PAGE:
March Book Reviews Part One

Hey, readers! I read quite a few books this month, so in order not to make this post so long, I divided it into two parts.

Sealed Off

Rating: 3 out of 5.

I don’t read a lot of cozy mysteries with amateur sleuths, but I saw this one available for check out through my local library and decided to give it a try.

Julia Snowden helps run her family business, and she’s also overseeing renovations of an old family home. She and her boyfriend, Chris, also run a restaurant during the tourist off-season. When the body of one of the family’s clambake employees turns up, Chris’s ex-con brother is the prime suspect. Chris asks Julia to do some digging on her own in hopes of clearing his brother.

There is a secondary story of a hidden room found during the renovation of the family mansion. This, in my opinion, was much more interesting than trying to solve the murder.

Sealed Off was an okay read, but this is the eighth in a series. Just how many murders can happen in a small town and all of them solved by an amateur? Doubt I’ll bother to read the rest of the books.

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Coyote’s Regret

Rating: 4 out of 5.

I picked up a free copy of this book last year and it’s been on my Kindle for a while. It’s my first time reading this author, but the story sounded intriguing.

When a retired married couple is found dead in a remote section of Utah, Deputy Sheriff Manny Rivera is called upon to help solve the crime. At first, it appears to be a murder-suicide, but there are a few clues that lead Rivera to believe otherwise.

During the course of his investigation, Manny meets and questions two wealthy landowners, a reclusive war veteran, and members of a nearby Navajo tribe. When a third person is killed, the death confirms Manny’s suspicions the couple was murdered.

Who and why? The answer may be linked to an event that happened a half-century earlier during “The Summer of Love.”

The story is well-written, and the author (who spent many years in this part of the country) paints vivid descriptions of Southeastern Utah. I also learned a bit about the Navajo culture, which is of great interest to me.

This is the eighth book of the Manny Rivera series, but my first to read. Not being familiar with the others, I think this one is fine as a stand-alone novel. However, I am interested in reading more works by this author.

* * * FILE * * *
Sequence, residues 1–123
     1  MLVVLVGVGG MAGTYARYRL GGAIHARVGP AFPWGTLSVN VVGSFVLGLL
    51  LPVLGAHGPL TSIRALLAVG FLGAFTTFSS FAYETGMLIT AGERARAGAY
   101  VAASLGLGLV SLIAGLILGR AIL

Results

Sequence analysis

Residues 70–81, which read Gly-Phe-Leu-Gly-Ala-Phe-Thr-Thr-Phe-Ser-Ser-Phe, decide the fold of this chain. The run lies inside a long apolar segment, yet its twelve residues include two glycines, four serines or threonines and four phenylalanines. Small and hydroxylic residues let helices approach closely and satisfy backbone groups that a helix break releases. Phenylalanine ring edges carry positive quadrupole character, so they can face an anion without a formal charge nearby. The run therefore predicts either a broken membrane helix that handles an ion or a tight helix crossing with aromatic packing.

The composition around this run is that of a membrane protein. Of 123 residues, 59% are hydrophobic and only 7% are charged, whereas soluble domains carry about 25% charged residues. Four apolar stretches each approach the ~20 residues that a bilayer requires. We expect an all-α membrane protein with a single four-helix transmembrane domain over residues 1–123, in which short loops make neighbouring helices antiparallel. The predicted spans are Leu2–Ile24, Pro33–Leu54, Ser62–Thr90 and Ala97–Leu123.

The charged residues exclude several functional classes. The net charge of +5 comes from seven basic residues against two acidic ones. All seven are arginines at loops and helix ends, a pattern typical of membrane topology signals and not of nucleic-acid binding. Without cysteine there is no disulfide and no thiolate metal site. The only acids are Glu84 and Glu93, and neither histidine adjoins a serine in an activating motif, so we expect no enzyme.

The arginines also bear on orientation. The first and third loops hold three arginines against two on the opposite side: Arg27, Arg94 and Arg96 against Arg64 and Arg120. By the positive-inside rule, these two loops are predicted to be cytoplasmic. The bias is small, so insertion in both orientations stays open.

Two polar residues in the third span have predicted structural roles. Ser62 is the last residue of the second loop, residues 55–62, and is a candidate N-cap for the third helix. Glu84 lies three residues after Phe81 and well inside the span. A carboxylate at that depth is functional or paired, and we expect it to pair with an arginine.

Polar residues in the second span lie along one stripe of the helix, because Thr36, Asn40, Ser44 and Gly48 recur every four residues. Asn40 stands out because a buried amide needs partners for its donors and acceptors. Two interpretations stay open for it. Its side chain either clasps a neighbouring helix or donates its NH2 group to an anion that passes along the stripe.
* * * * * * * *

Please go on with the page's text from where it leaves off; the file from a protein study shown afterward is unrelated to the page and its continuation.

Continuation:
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Long Lost

Rating: 4 out of 5.

James Scott Bell is my go-to author when it comes to books about the craft of writing. However, I’ve read only a few of his fiction stories. I picked up a free copy of Long Lost last summer.

Steve Conroy is a thirty-year-old “almost divorced” lawyer who has kicked a cocaine habit and is trying to revive his struggling law practice. His life has been full of tragedy. When Steve was five, someone kidnapped and murdered his older brother. His father eventually committed suicide, and his mother died of cancer when Steve was ten.

His life in foster homes was less than ideal, but despite everything, Steve made it through law school, married, and had a successful practice until he succumbed to using cocaine.

The book opens with Steve having lost another “unwinnable” case. Not only that, but he’s also behind on his office rent and his landlord tries to kick him out. Enter law student Sienna Ciccone. She not only helps with getting his eviction overturned but also locates a potential client.

Johnny LaSalle is a convicted felon who is about to be paroled. The one-time white supremacist vows he has changed and has found God. He offers Steve a five-thousand-dollar retainer with a promise of more to come.

But the biggest surprise is that Johnny claims to be Steve’s long-lost brother, Robert. Steve always blamed himself for Robert’s kidnapping and death. With nothing to lose, he relocates from Los Angeles to the small town of Verner. His “job” was to represent Johnny and the man who raised him as his own son. Eldon LaSalle wants to incorporate his “church” as a non-profit organization.

Long Lost has elements reminiscent of the Branch Davidian cult in the 1990s. The book is part legal thriller and part mystery. Although there were a few things I thought could have been better (DNA testing, anyone?), I finished the book in a couple of days. Of note, the book was originally published in 2008 under the title of The Whole Truth.

Amazon Purchase Link

That’s it for now. The second half of my March reviews will post next week.

29 thoughts on “March Book Reviews Part One

  1. Thanks for the great reviews, Joan, and I have to say, your comment about the number of murders in a small town is one of the main reasons I’ve never been able to get into cozy mysteries. Glad I’m not the only one who’s wondered about that. The other two sound intriguing, and I’m making a note to check them out. Looking forward to March Reviews Part Two! 😊💖

    Liked by 1 person

  2. Good reviews, Joan. Regarding Sealed Off, last week a woman renovating a real-life house in my mother-in-law’s little town in Kansas found a sealed off door. She put an ad in the newspaper asking if longtime residents knew the story about the sealed off room. How mysterious!

    Liked by 2 people

  3. A varied assortment of books, Joan. I’ve been tempted by the Manny Rivera novels a time or too. Sounds like they would be worth looking into based on your review of Coyote’s Regret. Love that title, too!

    Liked by 1 person

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